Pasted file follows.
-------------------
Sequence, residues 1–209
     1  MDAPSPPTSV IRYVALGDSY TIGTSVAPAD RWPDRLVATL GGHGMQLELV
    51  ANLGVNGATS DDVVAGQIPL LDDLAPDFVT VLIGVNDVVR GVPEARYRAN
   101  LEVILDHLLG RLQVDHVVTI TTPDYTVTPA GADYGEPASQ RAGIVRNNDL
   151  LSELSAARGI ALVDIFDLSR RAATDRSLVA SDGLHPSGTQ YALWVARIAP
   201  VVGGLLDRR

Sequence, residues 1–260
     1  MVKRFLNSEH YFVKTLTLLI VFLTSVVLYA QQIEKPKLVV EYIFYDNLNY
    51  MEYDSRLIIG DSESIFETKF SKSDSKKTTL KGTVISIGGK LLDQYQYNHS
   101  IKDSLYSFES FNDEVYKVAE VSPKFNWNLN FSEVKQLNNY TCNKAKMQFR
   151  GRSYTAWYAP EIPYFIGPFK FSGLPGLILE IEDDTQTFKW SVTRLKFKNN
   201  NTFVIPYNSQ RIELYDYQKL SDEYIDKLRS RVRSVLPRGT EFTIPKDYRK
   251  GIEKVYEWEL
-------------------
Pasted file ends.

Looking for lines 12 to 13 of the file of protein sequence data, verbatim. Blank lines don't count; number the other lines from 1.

   201  NTFVIPYNSQ RIELYDYQKL SDEYIDKLRS RVRSVLPRGT EFTIPKDYRK
   251  GIEKVYEWEL